WASHINGTON – The federal government said Tuesday it had cleared an important hurdle in opening the central California coast to offshore wind farms. This is part of President Biden’s aggressive plan to expand renewable energy and move the nation away from fossil fuels.
The idea of building wind farms along the Pacific coast was discussed for a long time, but was often dismissed as being logistically too complicated. The particularly deep seabed makes it difficult to build the platforms necessary to house the turbines, and the Navy has repeatedly objected to anything that could affect its training and operations along the coast.
But the Department of Defense teamed up with the Department of the Interior on Wednesday to support a plan that would allow commercial offshore wind farms in a 399 square mile area in Morro Bay along central California and another area off the coast of Humboldt in northern California.
“This is a breakthrough that enables the location of offshore winds in the Pacific,” said Gina McCarthy, the White House climate adviser.
It is a milestone for California, which is committed to renewable energies and has experienced the effects of climate change like hardly any other state. Forest fires raged last summer and the highest temperature ever recorded was 130 degrees Fahrenheit in Death Valley. Sea levels are rising, coasts are eroding and drought is increasing.
Gavin Newsom, the Democratic governor of California, described the move as “historic”.
“Developing offshore wind power to produce clean, renewable energy could make a big difference in meeting California’s clean energy goals and tackling climate change – while strengthening the economy and creating new jobs,” said Newsom, who regularly visits the Trump administration contested California’s attempts to reduce fossil fuel pollution but found an ally in President Biden.
The announcement came weeks after the Biden government approved the country’s first commercial offshore wind farm to be built off the coast of Massachusetts. Around a dozen other offshore wind projects along the east coast are currently being examined by the federal government.
The government estimates that wind turbines in Morro Bay and near Humboldt combined could generate enough electricity to supply 1.6 million households with electricity.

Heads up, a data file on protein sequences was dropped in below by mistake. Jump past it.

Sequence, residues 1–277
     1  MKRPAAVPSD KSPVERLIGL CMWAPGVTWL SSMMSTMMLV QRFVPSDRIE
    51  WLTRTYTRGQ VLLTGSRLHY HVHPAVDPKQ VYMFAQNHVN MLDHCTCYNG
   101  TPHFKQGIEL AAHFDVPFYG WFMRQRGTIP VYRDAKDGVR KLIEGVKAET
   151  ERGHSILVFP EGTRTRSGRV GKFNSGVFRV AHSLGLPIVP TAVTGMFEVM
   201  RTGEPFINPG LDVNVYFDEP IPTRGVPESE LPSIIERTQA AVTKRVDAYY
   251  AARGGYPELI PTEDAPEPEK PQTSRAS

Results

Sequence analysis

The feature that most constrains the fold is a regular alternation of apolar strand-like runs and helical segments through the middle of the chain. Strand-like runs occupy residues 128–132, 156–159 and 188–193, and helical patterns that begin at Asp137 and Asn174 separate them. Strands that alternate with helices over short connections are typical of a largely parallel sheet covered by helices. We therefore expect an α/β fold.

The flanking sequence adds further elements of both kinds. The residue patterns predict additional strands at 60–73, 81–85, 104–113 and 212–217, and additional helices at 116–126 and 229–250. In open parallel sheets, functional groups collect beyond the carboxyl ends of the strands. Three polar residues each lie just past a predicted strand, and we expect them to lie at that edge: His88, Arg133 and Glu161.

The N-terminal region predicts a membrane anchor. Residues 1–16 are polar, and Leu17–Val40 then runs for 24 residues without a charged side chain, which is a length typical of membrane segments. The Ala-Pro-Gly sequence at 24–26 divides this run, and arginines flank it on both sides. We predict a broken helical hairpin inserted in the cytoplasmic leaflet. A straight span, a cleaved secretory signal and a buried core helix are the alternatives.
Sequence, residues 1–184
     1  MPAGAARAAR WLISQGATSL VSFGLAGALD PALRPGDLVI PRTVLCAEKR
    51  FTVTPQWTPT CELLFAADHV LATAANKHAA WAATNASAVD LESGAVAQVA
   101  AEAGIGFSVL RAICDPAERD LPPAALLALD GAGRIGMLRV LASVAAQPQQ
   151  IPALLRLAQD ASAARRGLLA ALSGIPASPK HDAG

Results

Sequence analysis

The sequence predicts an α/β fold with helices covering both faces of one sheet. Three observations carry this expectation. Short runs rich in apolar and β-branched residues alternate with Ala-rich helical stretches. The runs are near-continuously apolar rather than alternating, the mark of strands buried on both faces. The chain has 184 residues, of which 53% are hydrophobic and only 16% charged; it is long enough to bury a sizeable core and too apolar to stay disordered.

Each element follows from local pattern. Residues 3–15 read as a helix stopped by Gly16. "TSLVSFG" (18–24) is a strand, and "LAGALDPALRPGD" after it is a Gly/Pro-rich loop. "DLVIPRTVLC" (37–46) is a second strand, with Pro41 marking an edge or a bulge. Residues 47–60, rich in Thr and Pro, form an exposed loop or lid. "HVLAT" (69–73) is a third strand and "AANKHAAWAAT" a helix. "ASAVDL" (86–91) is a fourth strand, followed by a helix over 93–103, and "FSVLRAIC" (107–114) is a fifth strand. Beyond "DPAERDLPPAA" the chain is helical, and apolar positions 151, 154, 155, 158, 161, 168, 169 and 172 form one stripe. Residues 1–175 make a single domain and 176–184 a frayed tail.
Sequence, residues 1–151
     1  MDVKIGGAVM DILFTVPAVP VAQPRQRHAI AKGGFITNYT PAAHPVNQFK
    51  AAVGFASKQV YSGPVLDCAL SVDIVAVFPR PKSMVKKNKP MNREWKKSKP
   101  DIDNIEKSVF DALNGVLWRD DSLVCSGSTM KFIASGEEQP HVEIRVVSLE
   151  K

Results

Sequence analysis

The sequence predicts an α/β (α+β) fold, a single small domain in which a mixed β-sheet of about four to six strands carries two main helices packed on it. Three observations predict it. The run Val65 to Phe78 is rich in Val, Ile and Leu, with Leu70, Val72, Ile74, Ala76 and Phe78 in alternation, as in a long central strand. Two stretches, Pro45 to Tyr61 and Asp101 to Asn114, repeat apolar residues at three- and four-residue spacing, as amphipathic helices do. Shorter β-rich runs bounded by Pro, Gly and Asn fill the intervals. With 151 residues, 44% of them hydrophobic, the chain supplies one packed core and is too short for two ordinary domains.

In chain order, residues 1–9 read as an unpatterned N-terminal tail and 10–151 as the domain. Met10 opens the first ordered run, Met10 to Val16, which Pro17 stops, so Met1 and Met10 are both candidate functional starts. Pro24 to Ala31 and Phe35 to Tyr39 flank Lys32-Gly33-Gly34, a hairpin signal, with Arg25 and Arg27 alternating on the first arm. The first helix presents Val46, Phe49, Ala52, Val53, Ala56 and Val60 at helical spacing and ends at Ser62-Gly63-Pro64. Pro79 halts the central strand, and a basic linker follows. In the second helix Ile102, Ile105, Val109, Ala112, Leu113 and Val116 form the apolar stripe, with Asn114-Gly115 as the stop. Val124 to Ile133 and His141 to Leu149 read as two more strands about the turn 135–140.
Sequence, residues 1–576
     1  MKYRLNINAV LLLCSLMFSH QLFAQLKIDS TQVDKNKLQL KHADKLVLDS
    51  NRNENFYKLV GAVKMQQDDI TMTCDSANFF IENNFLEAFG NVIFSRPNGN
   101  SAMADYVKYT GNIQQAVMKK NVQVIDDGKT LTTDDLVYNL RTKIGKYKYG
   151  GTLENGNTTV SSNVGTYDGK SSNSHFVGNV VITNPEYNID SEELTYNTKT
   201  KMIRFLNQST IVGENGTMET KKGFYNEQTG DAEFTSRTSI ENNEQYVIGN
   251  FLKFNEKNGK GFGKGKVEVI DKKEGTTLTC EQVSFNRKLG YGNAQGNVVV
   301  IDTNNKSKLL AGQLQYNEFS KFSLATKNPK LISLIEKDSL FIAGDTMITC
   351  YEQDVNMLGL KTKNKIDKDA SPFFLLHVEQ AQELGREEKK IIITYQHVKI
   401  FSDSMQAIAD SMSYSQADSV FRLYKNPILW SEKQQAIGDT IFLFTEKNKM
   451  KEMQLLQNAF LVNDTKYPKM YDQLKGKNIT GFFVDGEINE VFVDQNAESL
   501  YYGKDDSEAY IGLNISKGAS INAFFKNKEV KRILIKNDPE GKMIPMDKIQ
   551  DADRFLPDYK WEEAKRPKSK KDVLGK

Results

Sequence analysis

If these claims are materialized, it could turn the California coast into one of the largest wind power generators in the world. The new wind farm on the Massachusetts coast is expected to have up to 84 giant wind turbines. By comparison, Newsom estimated that the California sites could accommodate more than 300 turbines.
Administrative officials declined to say when these areas could be rented out to businesses. Home Secretary Deb Haaland was asked to provide a timetable for offshore wind development in California. He said, “This is a priority for us and we appreciate it.”
Mr Newsom said he had heard of potential developers. “We not only had international companies but also governments turning to us,” he said. “We expect enormous interest.”
The steps come as Mr Biden pledged to cut the country’s fossil fuel emissions by 50 percent by 2030 compared to 2005 by advancing measures to encourage the use of electric vehicles and clean energy such as wind and solar. In particular, the government has pledged to build 30,000 megawatts of offshore wind in the US by 2030.
While the Obama administration hoped to bring offshore wind farms to California, it was never able to sell leases to commercial companies to build turbines there.
In 2018, the Trump administration took the first steps to allow companies to lease water bodies in central and northern California for wind projects when the Department of the Interior identified three areas for lease agreements, including the waters of Morro Bay and Humboldt Counties. But after Pentagon officials objected, the plan took off.
Mr Biden has tried to unite his cabinet to find ways to promote renewable energy and reduce carbon pollution.
Colin Kahl, the Pentagon’s undersecretary of state, told reporters on a call to the White House, “Tackling the climate crisis is a national security imperative and the Department of Defense is proud to have played a role in this important effort. The Department of Defense is committed to seeking solutions across the US government that support renewable energy in a way that is compatible with essential military operations. “
Offshore wind development will almost certainly not be without conflict. Development along the California coast has long been a sensitive and highly regulated issue. The fishing industry fears that the turbines are detrimental to their livelihoods and the potential impact on birds, fisheries and marine mammals is being studied carefully.